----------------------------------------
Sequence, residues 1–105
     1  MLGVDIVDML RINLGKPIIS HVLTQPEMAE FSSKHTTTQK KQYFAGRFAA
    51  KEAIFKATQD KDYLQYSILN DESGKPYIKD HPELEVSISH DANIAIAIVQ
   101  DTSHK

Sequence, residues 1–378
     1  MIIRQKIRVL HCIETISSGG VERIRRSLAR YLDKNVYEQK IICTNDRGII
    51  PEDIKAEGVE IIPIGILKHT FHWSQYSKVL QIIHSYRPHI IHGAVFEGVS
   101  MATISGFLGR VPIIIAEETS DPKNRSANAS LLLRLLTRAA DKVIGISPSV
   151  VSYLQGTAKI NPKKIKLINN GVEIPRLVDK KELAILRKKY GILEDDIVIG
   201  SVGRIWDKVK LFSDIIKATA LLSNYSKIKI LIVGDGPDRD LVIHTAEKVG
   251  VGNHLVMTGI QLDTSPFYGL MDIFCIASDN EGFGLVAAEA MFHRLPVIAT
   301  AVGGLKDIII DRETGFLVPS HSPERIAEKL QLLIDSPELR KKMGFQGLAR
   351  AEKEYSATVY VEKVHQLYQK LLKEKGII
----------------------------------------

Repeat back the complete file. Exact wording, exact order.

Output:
Sequence, residues 1–105
     1  MLGVDIVDML RINLGKPIIS HVLTQPEMAE FSSKHTTTQK KQYFAGRFAA
    51  KEAIFKATQD KDYLQYSILN DESGKPYIKD HPELEVSISH DANIAIAIVQ
   101  DTSHK

Sequence, residues 1–378
     1  MIIRQKIRVL HCIETISSGG VERIRRSLAR YLDKNVYEQK IICTNDRGII
    51  PEDIKAEGVE IIPIGILKHT FHWSQYSKVL QIIHSYRPHI IHGAVFEGVS
   101  MATISGFLGR VPIIIAEETS DPKNRSANAS LLLRLLTRAA DKVIGISPSV
   151  VSYLQGTAKI NPKKIKLINN GVEIPRLVDK KELAILRKKY GILEDDIVIG
   201  SVGRIWDKVK LFSDIIKATA LLSNYSKIKI LIVGDGPDRD LVIHTAEKVG
   251  VGNHLVMTGI QLDTSPFYGL MDIFCIASDN EGFGLVAAEA MFHRLPVIAT
   301  AVGGLKDIII DRETGFLVPS HSPERIAEKL QLLIDSPELR KKMGFQGLAR
   351  AEKEYSATVY VEKVHQLYQK LLKEKGII